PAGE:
When working with frameworks, like Ruby on Rails, there’s always the “initial commit” for all the files when commiting the first files for the application.
For me, I would like to have this “initial commit” to be the first commit into an empty repository, for example, the folder itself. The first commit is a blank slate and represents the start of the universe.
Let’s see what happens when trying to make an empty commit in a new repository:
Trying to create an empty commit of just the folder did not work… I want to have a commit that contains a message “start of the universe” and has not files or folders.
Documentation to the Rescue
Just looking around to see if there’s a solution, I dove deep into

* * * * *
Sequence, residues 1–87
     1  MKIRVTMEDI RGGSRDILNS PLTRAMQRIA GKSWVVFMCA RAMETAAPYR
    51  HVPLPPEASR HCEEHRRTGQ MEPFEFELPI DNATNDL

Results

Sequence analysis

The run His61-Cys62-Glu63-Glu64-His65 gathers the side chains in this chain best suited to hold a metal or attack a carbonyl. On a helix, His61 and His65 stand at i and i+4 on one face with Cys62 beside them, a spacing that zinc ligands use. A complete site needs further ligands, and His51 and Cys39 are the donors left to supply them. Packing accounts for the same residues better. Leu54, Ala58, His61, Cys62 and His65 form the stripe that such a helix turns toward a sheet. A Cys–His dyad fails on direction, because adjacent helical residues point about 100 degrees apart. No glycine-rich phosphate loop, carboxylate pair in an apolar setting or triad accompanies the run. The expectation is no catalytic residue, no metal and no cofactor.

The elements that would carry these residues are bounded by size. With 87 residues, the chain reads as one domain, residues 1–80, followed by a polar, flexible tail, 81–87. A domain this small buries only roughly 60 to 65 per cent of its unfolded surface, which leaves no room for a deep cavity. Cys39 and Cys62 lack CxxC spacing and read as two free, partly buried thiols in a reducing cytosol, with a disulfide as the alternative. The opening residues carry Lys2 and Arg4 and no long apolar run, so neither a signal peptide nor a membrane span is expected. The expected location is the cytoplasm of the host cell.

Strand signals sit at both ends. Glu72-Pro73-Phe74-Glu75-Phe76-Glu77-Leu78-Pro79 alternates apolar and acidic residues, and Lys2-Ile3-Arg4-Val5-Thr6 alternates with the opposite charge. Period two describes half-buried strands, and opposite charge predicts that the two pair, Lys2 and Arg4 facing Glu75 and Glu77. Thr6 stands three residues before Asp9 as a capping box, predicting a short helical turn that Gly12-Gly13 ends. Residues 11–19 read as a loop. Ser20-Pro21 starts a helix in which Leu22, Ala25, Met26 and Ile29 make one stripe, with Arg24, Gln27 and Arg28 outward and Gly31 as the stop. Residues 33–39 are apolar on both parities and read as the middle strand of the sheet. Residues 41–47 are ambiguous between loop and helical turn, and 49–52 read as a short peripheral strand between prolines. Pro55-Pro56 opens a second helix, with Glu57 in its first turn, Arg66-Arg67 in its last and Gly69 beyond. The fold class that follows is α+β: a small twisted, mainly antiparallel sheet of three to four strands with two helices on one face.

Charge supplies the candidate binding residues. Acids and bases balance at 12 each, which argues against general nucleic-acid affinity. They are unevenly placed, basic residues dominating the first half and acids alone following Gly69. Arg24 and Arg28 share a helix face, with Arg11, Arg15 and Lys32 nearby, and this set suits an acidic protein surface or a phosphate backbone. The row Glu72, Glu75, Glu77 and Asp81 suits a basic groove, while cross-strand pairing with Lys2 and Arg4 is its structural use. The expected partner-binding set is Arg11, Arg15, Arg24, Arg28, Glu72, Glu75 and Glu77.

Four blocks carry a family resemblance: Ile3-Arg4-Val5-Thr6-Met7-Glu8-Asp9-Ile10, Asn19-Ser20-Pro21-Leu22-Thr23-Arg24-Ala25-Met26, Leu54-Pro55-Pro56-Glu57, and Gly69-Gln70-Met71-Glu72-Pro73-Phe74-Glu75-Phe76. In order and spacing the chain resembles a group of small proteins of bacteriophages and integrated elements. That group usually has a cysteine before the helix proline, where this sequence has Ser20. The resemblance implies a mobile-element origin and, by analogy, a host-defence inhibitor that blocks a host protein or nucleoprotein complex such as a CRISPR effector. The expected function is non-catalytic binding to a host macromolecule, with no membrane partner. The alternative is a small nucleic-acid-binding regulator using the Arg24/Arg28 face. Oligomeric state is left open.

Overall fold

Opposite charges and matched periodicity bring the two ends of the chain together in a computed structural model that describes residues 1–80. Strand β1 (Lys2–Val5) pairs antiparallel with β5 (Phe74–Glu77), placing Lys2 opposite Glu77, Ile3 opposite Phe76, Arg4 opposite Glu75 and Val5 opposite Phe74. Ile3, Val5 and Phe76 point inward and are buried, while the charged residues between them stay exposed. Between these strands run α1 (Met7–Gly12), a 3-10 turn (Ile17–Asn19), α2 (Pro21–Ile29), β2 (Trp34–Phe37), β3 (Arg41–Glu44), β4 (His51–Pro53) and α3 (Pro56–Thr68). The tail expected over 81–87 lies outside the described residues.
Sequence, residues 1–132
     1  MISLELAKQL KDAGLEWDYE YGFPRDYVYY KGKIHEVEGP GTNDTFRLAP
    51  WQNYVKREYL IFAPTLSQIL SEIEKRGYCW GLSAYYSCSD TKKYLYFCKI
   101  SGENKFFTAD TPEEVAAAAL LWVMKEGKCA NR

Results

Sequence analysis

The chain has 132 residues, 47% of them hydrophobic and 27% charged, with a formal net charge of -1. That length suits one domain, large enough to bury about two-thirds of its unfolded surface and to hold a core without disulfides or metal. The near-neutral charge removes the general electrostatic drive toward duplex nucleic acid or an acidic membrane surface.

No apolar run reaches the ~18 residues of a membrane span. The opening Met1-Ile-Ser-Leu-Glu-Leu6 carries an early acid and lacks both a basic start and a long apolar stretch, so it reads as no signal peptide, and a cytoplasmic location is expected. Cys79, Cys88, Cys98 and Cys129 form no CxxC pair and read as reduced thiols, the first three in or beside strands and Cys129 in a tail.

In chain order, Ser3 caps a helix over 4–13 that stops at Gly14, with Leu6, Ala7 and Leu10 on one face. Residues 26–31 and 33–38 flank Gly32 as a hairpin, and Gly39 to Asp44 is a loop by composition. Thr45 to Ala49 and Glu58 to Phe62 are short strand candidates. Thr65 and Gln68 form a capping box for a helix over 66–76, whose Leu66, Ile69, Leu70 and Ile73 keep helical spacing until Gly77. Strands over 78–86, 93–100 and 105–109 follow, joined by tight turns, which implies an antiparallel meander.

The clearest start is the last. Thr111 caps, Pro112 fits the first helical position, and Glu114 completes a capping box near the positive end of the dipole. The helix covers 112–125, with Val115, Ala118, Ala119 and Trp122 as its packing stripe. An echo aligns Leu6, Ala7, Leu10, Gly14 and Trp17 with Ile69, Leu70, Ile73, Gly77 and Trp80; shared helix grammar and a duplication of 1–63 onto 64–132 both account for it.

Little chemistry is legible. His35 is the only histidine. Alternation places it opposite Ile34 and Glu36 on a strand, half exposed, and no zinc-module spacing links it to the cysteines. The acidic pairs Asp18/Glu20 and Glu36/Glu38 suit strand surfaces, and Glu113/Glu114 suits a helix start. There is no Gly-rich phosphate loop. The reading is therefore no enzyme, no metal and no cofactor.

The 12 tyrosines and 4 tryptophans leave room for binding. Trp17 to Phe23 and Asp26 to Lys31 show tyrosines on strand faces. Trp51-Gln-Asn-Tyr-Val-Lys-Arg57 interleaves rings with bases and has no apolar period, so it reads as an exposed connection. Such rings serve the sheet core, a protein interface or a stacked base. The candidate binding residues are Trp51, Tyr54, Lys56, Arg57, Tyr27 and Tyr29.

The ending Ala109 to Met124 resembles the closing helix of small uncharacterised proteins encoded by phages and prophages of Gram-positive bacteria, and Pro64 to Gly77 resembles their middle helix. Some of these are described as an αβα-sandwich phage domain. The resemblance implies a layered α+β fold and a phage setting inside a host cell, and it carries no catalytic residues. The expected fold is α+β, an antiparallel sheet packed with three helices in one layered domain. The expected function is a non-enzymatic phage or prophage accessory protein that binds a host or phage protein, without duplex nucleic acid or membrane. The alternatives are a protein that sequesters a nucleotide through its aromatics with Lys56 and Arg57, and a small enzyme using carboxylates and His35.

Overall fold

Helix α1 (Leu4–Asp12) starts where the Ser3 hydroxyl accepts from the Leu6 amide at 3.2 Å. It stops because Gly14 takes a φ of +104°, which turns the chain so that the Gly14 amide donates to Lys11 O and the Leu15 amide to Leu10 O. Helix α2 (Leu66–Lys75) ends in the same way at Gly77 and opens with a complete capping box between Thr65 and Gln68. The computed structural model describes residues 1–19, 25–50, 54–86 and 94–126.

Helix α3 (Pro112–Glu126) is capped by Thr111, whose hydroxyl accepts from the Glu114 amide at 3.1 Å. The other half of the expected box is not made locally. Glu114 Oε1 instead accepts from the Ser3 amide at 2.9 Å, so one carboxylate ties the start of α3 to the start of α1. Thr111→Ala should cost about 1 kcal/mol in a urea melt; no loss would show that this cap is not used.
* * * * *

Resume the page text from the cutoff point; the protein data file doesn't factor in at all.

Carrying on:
git’s helper flags (
$ git commit -h), man pages (
$ man git
commit), but nothing helped.
A search pointed me to git-scm, one of the best git documentation.
Looking at git-scm’s documentation on git commit page reveals:
–allow-empty Usually recording a commit that has the exact same tree as its sole parent commit is a mistake, and the command prevents you from making such a commit. This option bypasses the safety, and is primarily for use by foreign SCM interface scripts.
git has an option to make an “empty” commit, exactly what I am looking for. Let’s see it working:
Cool - so now I can have empty commits in git, to indicate the “start of the universe”.
For those situations where an empty commit is necessary, use:
I like to use this when I start a project, I feel like I am “starting the universe”.